2019 Volume 23 Issue 1 Pages 37-42
Objective: This study aimed to evaluate associated factors with postoperative infectious disease in patients undergoing elective open heart surgery, in particular focusing on nutritional conditions and tissue perfusion.
Method: Individuals who were scheduled to undergo open heart surgery in a tertiary-care hospital in Japan between April 2014 and December 2016 were eligible for enrolment in the study. Postoperative infectious disease included catheter infection, wound infection, and pneumonia. A controlling nutritional (CONUT) status score was used as an index of nutritional status, and a difference in CO2 partial pressure of arteriovenous blood (CO2 difference) was used as a tissue perfusion index.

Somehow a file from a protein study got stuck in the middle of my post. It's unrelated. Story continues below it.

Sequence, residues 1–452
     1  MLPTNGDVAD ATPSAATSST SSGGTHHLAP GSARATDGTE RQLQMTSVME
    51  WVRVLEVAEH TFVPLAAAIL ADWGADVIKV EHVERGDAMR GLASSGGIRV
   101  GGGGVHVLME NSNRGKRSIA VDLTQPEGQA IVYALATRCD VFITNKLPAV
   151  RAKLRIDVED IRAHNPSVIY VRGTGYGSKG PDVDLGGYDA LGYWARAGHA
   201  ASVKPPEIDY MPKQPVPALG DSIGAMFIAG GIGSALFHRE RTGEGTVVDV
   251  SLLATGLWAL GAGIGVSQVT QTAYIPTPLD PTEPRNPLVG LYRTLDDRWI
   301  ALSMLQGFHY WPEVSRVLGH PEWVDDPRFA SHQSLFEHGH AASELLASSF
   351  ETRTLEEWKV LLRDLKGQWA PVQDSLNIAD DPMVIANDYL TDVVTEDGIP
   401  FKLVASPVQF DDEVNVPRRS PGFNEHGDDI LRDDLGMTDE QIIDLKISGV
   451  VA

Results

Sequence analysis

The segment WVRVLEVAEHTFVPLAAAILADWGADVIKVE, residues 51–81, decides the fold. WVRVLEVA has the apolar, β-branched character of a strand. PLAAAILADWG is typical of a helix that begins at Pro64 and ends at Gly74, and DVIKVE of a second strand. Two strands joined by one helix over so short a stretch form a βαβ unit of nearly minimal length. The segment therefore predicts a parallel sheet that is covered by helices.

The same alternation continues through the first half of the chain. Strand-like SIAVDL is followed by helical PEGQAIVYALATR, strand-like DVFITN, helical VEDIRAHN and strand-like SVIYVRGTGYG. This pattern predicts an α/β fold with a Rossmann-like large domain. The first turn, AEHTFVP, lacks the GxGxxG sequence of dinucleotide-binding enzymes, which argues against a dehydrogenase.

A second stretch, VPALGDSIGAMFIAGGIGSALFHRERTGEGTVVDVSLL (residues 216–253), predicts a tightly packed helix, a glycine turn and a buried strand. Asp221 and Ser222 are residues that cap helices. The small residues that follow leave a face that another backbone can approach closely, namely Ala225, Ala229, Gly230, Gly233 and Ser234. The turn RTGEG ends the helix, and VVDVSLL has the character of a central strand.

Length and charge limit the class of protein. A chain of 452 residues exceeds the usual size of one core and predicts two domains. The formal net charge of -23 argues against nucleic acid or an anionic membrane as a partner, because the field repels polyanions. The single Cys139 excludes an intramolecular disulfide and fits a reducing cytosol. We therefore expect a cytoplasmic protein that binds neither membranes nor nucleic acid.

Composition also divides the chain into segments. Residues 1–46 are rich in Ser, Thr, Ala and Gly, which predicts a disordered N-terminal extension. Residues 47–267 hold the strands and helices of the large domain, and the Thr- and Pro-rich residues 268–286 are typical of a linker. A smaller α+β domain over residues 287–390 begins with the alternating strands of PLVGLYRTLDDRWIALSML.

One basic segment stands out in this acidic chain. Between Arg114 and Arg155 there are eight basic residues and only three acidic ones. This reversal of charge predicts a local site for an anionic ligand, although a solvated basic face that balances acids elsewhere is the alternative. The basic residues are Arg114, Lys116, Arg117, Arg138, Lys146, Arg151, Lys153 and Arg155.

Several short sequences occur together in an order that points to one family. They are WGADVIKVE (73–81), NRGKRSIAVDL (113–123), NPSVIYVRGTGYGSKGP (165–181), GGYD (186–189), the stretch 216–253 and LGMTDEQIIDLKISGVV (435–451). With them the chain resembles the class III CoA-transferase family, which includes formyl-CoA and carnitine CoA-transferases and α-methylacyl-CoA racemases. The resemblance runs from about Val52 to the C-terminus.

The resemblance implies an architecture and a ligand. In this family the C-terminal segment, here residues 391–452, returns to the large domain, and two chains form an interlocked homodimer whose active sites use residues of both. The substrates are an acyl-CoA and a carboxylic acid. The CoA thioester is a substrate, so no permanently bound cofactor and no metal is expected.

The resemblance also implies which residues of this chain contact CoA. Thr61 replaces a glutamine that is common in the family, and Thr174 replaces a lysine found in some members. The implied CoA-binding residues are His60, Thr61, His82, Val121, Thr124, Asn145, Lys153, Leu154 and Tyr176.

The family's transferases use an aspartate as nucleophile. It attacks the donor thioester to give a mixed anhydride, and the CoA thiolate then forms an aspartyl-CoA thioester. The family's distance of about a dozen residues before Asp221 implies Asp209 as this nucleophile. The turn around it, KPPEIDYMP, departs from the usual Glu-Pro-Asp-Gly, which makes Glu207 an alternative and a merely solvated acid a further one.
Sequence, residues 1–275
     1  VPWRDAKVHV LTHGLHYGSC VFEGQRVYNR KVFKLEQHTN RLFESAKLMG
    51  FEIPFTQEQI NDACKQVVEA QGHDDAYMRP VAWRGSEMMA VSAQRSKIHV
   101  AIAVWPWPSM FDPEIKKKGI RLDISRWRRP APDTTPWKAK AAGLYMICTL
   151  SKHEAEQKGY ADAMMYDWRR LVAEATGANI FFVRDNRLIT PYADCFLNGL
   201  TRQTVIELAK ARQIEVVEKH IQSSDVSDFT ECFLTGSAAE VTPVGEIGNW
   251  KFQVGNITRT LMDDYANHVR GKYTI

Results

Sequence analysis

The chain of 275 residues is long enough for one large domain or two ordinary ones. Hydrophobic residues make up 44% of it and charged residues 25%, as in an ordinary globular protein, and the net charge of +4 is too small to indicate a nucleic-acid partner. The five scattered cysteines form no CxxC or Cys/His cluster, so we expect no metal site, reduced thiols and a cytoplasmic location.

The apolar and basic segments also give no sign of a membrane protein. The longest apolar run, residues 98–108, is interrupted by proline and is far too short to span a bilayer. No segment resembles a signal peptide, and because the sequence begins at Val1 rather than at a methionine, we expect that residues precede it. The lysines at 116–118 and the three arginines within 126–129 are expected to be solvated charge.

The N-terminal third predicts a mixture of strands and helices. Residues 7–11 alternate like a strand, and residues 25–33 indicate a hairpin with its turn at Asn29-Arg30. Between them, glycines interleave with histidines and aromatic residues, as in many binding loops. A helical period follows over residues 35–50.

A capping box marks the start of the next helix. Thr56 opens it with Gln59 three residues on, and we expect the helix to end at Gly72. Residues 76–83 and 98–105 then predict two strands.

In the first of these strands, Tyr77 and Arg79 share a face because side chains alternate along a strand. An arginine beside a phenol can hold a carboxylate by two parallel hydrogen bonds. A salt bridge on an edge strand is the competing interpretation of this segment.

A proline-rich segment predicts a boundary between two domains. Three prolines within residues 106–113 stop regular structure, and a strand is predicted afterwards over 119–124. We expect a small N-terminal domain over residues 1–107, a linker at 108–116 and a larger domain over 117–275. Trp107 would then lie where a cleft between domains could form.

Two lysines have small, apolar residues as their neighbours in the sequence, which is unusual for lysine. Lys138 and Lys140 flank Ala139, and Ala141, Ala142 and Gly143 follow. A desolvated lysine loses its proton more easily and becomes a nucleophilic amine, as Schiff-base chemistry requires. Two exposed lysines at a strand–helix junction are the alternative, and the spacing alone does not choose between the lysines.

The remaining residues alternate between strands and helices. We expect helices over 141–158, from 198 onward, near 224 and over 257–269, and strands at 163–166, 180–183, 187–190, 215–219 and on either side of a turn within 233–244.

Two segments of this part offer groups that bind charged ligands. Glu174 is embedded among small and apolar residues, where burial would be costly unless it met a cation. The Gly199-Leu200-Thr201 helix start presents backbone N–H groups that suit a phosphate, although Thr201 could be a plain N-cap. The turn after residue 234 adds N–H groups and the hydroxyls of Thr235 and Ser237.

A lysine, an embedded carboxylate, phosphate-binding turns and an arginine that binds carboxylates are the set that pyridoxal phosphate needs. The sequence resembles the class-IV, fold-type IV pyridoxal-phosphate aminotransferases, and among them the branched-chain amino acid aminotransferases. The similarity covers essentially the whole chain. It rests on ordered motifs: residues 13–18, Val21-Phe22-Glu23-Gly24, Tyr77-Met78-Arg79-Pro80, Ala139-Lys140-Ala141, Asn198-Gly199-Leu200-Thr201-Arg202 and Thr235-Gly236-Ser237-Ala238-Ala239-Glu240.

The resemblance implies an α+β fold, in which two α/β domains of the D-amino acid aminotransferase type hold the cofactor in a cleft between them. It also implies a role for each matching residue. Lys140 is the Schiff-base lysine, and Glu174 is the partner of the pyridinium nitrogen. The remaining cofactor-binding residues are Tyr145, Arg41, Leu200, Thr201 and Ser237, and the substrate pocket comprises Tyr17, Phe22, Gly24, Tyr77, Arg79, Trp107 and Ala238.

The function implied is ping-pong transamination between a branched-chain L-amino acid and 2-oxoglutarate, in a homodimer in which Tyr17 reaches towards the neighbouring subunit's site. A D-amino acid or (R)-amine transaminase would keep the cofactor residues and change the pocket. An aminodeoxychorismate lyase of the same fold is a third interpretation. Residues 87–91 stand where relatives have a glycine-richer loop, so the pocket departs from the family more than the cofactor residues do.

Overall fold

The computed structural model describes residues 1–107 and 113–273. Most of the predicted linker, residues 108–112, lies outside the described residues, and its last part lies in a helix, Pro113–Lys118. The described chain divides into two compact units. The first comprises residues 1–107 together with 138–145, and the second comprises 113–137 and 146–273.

Multiple logistic regression analysis was conducted to determine independent factors associated with postoperative infectious disease.
Results: Ninety-two patients of 157 patients were malnourished and mean CO2 difference was 3.9 mmHg. Twenty-one patients had postoperative infectious disease. Body mass index, duration of surgery, postoperative lactate level, diabetes, glomerular filtration amount, and duration of postoperative artificial respiration were associated with postoperative infectious disease.
Conclusion: Preoperative nutritional status and tissue perfusion index were not significant factors of infectious disease after open heart surgery.